Berkenkotter responds to two JAC articles by David Foster and John Schlieb whO lament the residue of positivist frameworks in composition research, as contrasted to hermeneutic approaches. Berkenkotter traces a history of positivist thought (Comte, Durkheim, Mill) through the social sciences, with opposition from social science idealists (Dilthey & Weber): “Understanding these differences between nineteenth century positivism and idealism as they related to the emerging fields of the social and human sciences is important if we are to place our own debates over knowledge in composition studies into a cultural and historical context” (72). The rise of logical positivism as assembled from the works of the Vienna Circle introduced the empirically-centered verifiability principle of meaning, later taken up by American behaviorists. Berkenkotter then explores the rhetorical analyses of Bazerman, Swales, McCarthy, et al., showing how discourse communities shape meaning and knowledge through their selective attentions, and how the APA Publication Manual operates as a “charter document” (77). Berkenkotter then engages in an analysis of a research methods monograph, demonstrating how a positivist worldview is rhetorically invented. Conclusion: “In short, I suspect that the fear of a positivist-minded hegemony that I see hermeneutically trained colleagues ritually professing is the product of a sort of epistemological ethnocentricity. To the extent that we do not understand each other’s models of knowing, rivalry and hostility are, I think, inevitable” (79).


methods, empiricism, hermeneutics, research

Bibliographic Notes

Words: ~6,000

Pages: 13

References: 23

Affiliation: Michigan Tech

Kinney: “Classifying Heuristics”

Kinney, James. “Classifying Heuristics.” College Composition and Communication. 30.4 (1979). 351-356. Print.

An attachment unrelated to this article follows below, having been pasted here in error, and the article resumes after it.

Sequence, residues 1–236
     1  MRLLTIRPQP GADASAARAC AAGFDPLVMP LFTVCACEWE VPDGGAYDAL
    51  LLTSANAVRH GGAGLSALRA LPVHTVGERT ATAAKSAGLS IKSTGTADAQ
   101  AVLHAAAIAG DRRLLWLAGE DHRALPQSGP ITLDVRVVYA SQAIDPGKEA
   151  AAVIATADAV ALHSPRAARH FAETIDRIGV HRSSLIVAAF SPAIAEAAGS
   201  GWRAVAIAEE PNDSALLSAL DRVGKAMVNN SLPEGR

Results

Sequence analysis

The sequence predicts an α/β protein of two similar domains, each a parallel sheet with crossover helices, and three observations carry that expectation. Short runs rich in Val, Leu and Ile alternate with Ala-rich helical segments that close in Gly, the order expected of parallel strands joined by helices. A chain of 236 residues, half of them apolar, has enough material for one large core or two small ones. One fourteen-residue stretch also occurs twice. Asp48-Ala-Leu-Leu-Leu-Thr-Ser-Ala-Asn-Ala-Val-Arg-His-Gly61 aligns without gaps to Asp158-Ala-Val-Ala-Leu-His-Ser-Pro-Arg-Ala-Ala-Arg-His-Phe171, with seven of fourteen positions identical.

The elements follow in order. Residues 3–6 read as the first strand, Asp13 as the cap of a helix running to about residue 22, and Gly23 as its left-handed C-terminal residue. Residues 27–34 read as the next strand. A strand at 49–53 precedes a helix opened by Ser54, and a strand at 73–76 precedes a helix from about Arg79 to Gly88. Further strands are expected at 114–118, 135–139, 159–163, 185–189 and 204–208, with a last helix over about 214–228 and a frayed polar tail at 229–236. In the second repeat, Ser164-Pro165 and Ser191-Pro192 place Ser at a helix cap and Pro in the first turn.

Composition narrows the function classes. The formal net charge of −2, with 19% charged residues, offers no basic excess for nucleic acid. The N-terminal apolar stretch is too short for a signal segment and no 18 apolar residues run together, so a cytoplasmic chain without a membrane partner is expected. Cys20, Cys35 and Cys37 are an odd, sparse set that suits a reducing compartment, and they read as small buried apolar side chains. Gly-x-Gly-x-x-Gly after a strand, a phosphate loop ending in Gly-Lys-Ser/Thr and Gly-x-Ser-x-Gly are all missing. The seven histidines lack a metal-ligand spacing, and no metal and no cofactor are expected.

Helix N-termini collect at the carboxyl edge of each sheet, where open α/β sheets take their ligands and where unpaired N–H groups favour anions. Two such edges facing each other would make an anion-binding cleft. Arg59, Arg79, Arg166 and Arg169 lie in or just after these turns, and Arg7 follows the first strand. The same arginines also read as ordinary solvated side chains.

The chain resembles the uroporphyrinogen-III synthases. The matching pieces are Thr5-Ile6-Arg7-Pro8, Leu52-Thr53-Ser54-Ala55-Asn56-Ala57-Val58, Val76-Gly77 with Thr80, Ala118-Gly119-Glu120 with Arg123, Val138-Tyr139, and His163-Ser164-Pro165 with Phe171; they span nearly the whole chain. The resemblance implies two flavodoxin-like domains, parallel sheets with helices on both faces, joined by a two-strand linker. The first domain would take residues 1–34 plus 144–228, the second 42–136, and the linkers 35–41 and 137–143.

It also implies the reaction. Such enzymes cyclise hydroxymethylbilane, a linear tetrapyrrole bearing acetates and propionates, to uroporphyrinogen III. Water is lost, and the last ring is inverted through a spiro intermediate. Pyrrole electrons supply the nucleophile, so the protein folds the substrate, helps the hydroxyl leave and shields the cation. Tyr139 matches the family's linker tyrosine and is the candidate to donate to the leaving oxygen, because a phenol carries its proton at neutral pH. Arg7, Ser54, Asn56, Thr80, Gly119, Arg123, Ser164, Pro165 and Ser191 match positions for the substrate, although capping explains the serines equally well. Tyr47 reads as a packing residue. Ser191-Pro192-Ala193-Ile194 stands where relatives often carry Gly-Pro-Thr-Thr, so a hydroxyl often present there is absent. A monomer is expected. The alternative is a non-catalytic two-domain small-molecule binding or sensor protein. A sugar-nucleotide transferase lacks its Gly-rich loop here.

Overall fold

Focusing on invention, Kinney argues for an expanded definition of heuristic. Dissatisfied with definitions that restrict invention heuristics to linear, left-brain, rationalistic thinking, Kinney expands the inventive framework for heuristics to include empiricism and intuitionism in addition to rationalism: “These three ways provide us with a set of exhaustive, mutually exclusive classes for all possible heuristic procedures” (352). Kinney unpacks the history and usage of each of the heuristics, noting especially that his argument is not to malign rational approaches to invention but to call for, “balance in our heuristics and a defense of intuitionism in the face of sustained current attack” (354). Conclusion: “Teaching students that writing depends solely upon rational modes of thought limits them to one half their potential as writers. Teaching rational heuristics while excluding empirical and intuitive ones imposes that limit” (355).


Invention, heuristic, empiricism, rationalism, intuition, pedagogy

Bibliographic notes

Words: ~3,500

Pages: 5

References: 9

Affiliation: Virginia Commonwealth

Mailloux: Disciplinary Identities

Mailloux, Steven. Disciplinary Identities: Rhetorical Paths of English, Speech, and Composition. New York: The Modern Language Association of America. 2006. Print.

Mailloux opens with a history of the diaspora of rhetoric within the American university and an examination of the rhetorical forces that shape disciplinary identities within and outside of English Departments. Mailloux points to a number of path-forming splits, including the rhetoric of writing/speaking split between composition/communication and the invention/hermeneutic split between rhet-comp/lit-culture. Disciplines, Mailloux says, are “the transformation of practical wisdom into accredited techniques, of phronesis into techne” (5). Notably, Mailloux points to the split between Speech and English in the early twentieth century as formational moment in the fragmentation of rhetoric in the academy. Mailloux points three “monumentally influential” books published around 1960 by Gadamer, Perelman, and Kuhn that “argue for the interpretive nature of all disciplines” and hail a “return of rhetoric to the humanities and related social sciences” (16).